NASA's Mars Exploration Program (Image credit: NASA/JPL-Caltech/MSSS)
Sol 898: You do have the coolest job in the world
The images for panorama obtained by the rover's 34-millimeter Mast Camera. The mosaic, which stretches about 30,000 pixels width, includes 136 images taken on Sol 898 (February 14, 2015).
The planning day kicked off to a great start, with the SOWG Chair (Aileen Yingst) reminding us that we do have the coolest job in the world. I’m the Geology Theme Lead today, and it certainly feels like an exciting job. In this plan we’ve managed to use almost every instrument onboard the rover to characterize the most recent drill sample and the surrounding environment. First we’ll dump the post-sieve sample, and then we’ll "thwack" and vibrate CHIMRA (the Collection and Handling for in-Situ Martian Rock Analysis) to clean out any remnants of the sample. Later in the plan we’ll use MAHLI and APXS to characterize the grain size and composition of the dump pile, and Mastcam to document the pile with all of the camera filters. We’ll also use ChemCam to assess a nearby vein, and MAHLI will carry out some nighttime imaging of the drill hole and CheMin inlet. We don’t often mention it in our blogs, but every sol we’re also collecting RAD, REMS and DAN data for radiation assessment, environmental monitoring, and neutron detection. Meanwhile the SAM instrument is patiently waiting to analyze the samples that we "doggie bagged" a few sols ago.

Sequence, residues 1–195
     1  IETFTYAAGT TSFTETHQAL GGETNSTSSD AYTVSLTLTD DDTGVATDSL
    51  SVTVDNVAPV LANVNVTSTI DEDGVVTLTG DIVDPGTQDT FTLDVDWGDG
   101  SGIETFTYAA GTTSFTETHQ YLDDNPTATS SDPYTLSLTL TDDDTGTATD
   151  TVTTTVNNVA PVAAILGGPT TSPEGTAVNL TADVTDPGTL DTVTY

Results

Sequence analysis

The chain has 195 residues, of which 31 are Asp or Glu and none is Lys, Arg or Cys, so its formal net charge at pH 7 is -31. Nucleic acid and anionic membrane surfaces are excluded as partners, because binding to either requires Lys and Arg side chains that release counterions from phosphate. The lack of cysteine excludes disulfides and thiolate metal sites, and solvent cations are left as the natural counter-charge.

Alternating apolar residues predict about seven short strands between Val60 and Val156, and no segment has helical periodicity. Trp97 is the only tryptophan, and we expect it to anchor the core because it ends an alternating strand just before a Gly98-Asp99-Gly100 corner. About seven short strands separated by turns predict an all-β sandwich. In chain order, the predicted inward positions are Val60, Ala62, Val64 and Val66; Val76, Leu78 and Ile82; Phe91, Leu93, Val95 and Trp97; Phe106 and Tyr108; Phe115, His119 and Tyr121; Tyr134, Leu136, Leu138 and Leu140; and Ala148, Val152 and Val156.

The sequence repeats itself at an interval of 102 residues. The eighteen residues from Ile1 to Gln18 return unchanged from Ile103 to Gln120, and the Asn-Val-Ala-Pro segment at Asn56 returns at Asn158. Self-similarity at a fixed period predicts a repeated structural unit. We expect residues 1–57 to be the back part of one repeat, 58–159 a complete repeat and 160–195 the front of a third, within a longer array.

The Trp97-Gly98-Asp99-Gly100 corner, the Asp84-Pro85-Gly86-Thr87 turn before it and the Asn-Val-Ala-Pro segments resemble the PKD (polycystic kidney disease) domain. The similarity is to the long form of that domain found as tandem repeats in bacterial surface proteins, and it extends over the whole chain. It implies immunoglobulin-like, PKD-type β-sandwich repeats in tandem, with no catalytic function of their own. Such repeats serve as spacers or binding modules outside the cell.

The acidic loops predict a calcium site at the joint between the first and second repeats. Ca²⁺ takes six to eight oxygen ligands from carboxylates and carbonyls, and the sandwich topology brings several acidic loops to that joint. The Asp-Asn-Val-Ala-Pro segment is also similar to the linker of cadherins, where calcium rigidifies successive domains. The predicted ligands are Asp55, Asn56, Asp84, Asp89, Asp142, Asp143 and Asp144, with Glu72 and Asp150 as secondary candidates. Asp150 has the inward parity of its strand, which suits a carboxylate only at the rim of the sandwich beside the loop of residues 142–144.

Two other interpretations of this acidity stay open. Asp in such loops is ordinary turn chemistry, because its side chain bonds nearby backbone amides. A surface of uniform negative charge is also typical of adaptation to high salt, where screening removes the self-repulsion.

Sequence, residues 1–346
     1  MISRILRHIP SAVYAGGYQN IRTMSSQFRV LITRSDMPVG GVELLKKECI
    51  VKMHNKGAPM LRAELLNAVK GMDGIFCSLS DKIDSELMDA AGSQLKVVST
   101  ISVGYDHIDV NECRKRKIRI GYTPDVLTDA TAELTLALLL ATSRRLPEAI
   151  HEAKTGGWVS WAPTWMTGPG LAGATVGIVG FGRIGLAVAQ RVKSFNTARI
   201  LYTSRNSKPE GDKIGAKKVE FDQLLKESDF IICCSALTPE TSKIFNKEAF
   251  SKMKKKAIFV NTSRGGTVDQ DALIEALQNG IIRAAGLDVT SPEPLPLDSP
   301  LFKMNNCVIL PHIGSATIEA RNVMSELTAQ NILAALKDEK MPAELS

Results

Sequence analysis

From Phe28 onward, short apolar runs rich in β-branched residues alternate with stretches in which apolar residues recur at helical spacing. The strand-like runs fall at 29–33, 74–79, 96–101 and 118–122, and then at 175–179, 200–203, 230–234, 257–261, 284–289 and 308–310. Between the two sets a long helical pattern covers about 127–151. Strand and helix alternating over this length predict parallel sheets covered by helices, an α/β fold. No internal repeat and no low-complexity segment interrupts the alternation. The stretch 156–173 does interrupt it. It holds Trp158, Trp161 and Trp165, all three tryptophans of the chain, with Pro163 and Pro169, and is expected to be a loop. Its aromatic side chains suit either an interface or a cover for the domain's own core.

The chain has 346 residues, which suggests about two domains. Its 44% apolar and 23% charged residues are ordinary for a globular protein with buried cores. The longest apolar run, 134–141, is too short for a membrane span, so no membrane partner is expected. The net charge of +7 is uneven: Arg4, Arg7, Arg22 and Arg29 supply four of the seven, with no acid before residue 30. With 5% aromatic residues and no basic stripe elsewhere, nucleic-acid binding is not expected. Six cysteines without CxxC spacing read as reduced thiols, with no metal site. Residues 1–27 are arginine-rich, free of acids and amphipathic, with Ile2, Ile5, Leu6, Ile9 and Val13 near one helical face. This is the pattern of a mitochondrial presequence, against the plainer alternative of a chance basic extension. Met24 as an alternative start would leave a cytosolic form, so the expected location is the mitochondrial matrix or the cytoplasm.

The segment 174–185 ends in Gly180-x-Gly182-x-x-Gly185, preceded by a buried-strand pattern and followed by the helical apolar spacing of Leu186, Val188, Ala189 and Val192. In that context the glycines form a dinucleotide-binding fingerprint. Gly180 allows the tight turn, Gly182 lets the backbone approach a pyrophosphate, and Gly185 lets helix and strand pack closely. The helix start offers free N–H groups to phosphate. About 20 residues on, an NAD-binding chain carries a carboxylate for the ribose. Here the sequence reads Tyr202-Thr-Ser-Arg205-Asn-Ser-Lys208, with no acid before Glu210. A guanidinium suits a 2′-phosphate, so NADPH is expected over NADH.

Other panoramas of Mars by Curiosity rover:
The planet Earth has proven to be too limiting for our awesome community of panorama photographers. We're getting an increasing number of submissions that depict locations either not on Earth (like Mars, the Moon, and Outer Space in general) or do not realistically represent a geographic location on Earth (either because they have too many special effects or are computer generated) and hence don't strictly qualify for our Panoramic World project.But many of these panoramas are extremely beautiful or popular of both.So, in order to accommodate our esteemed photographers and the huge audience that they attract to 360Cities with their panoramas, we've created a new section (we call it an "area") called "Out of this World" for panoramas like these.Don't let the fact that these panoramas are being placed at the Earth's South Pole fool you - we had to put them somewhere in order not to interfere with our Panoramic World.Welcome aboard on a journey "Out of this World".